Accepting Change and Embracing Diversity

Each time a person is wary of change and accepts things as they are, a fear of anything that is different is bred. In its extreme form, such a fear becomes a hatred directed towards anyone who does not fit in existing societal patterns. However, since the only thing constant in this life is change, we know that it is possible to live without fear or hatred. In fact, many things have changed our world for the better.

One such change is celebrated on the 17th of May each year. The International Day Against Homophobia and Transphobia or IDAHO, is a universal recognition commemorating the World Health Organization’s decision to remove homosexuality from the roster of mental disorders. It is a day that pays tribute to the struggle of sexual minorities like lesbians, bisexuals, and trans people (LBTs) for visibility, acceptance, and recognition of their inherent human dignity as persons.

Homophobia takes on many forms, ranging from acts of discrimination to outright hate crimes. It occurs within families, in places of employment, and the larger public sphere. It is especially difficult for young, urban poor, and working class LBTs who strive to obtain economic justice in the effort to claim their sexual rights. Homophobia, which labels LBTs as aberrant or abnormal, remains at the heart of why the concerns of sexual minorities are rendered invisible whenever any decision that affects the lives of individuals is made.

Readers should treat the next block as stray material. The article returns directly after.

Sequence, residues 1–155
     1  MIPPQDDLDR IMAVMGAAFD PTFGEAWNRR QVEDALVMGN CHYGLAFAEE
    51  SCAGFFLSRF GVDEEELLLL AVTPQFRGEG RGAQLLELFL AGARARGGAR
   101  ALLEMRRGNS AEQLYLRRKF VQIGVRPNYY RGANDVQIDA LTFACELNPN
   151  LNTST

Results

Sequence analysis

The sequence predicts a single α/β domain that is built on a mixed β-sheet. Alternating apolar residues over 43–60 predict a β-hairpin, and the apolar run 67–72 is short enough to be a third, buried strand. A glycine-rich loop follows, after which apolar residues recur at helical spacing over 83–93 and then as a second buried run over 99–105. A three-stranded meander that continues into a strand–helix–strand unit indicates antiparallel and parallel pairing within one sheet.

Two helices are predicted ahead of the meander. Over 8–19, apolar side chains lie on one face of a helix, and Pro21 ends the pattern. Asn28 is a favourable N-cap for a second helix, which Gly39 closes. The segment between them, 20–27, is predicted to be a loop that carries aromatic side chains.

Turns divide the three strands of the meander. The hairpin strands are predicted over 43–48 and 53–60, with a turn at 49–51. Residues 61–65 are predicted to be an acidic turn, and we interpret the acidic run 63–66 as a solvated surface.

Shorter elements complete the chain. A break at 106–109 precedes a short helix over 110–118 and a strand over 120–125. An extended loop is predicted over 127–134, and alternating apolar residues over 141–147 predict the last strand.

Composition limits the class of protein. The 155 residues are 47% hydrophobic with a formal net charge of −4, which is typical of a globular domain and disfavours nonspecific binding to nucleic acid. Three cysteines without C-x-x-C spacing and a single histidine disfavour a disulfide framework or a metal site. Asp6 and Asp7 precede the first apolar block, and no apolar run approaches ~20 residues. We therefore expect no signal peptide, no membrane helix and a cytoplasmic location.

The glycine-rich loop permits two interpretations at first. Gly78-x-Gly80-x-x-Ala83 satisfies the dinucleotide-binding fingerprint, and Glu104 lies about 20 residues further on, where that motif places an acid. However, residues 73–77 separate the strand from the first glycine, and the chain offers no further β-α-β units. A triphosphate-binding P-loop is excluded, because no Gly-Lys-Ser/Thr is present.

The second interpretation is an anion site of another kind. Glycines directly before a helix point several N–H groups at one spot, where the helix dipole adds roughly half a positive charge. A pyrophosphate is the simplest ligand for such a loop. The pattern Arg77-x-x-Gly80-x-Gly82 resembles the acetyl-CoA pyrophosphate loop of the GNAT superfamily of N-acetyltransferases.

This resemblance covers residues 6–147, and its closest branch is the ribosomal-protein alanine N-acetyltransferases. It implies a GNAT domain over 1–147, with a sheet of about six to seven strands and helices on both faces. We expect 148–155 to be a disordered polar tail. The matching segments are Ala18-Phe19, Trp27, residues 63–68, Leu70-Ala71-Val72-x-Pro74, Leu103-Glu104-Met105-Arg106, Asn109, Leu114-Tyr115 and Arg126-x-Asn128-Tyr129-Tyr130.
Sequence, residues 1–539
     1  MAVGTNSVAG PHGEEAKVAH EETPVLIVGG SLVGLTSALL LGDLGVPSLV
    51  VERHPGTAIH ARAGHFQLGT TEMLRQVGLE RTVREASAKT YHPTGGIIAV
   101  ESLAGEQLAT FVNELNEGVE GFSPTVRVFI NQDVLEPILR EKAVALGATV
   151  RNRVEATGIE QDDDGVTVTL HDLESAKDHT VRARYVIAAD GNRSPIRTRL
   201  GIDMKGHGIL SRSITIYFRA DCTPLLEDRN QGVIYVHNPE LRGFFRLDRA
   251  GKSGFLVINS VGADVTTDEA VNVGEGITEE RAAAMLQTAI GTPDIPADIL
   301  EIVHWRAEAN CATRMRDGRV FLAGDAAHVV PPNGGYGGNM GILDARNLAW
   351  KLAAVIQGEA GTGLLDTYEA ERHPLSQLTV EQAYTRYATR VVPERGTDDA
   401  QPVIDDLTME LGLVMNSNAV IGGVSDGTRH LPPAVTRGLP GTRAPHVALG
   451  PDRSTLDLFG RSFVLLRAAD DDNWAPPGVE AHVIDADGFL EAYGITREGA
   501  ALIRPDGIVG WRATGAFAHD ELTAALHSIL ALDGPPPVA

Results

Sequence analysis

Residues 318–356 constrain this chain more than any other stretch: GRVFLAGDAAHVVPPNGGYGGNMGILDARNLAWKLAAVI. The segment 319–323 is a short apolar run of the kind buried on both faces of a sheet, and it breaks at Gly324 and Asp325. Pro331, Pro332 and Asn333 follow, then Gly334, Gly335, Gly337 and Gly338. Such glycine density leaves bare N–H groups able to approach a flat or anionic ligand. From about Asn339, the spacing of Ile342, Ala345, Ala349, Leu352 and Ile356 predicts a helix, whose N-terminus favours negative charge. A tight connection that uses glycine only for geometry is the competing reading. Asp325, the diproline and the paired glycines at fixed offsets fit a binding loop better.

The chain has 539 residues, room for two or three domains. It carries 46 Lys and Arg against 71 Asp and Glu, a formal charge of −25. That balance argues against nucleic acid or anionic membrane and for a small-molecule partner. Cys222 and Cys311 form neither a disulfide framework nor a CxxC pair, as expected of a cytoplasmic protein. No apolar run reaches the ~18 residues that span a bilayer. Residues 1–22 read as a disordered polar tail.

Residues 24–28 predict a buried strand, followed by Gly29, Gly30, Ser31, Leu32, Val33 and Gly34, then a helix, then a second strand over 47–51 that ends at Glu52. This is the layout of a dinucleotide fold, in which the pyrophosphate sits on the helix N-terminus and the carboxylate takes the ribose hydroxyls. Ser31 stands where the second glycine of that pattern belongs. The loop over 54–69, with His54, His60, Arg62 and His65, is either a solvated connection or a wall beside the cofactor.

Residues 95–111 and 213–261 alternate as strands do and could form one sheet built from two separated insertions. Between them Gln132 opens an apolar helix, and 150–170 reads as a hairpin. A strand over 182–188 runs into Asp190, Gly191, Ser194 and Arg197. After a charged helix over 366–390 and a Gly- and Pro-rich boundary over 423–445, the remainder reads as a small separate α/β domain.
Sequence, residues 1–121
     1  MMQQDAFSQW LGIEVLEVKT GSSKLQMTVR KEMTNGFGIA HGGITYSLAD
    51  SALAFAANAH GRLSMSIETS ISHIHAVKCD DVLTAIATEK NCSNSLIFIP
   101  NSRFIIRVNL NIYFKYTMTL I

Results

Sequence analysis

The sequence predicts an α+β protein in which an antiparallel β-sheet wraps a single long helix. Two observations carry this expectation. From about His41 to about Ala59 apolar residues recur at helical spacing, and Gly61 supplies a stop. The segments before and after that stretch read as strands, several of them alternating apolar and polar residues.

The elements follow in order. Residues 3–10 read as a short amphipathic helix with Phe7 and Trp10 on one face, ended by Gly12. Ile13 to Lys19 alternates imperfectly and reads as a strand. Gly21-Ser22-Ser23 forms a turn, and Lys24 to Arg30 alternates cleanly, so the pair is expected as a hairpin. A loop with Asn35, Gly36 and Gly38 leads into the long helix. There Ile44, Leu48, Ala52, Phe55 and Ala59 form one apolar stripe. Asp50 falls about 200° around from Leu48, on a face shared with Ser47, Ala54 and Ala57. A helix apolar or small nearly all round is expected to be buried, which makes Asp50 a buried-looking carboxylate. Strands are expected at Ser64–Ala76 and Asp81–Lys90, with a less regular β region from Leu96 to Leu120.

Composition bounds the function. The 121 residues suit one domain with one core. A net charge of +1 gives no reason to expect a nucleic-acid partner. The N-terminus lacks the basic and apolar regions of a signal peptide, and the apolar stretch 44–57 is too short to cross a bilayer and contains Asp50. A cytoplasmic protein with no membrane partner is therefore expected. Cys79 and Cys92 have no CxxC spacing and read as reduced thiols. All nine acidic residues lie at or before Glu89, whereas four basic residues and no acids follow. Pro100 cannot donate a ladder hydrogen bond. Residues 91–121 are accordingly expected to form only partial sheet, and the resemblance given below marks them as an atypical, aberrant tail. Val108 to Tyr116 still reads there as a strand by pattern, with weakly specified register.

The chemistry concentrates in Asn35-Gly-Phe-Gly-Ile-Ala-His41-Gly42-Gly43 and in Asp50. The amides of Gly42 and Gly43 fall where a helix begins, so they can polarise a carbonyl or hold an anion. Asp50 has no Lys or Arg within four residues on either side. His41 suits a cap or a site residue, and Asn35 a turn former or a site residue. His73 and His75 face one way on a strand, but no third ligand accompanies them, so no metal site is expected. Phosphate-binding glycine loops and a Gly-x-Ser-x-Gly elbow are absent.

GALANG celebrates IDAHO this year in solidarity with the Lesbian Alliance Movement: Lakas ng Kababaihan para sa Karapatan (LAM), the Lesbian Alliance Bagbag (LAB), and other LGBT groups condemning hate crimes and bullying, as well as rallying for the passage of the Anti-Discrimination Bills seeking to criminalize discrimination based on sexual orientation and gender identity (SOGI).

Because the struggle of sexual minorities to be accepted, recognized, and given their rights takes place daily, GALANG believes that it is a struggle that does not end with each IDAHO celebration. It is instead one that will continue until everyone knows what it is like to live without fear and hatred, until diversity has been embraced, and the world has truly changed for the better.

GALANG Philippines is a lesbian-initiated, lesbian-run feminist human rights organization that works with urban poor lesbians, bisexual women, and trans men (LBTs) who struggle with the multiple oppressions of class, poverty, sex, gender identity/expression, and sexual orientation.

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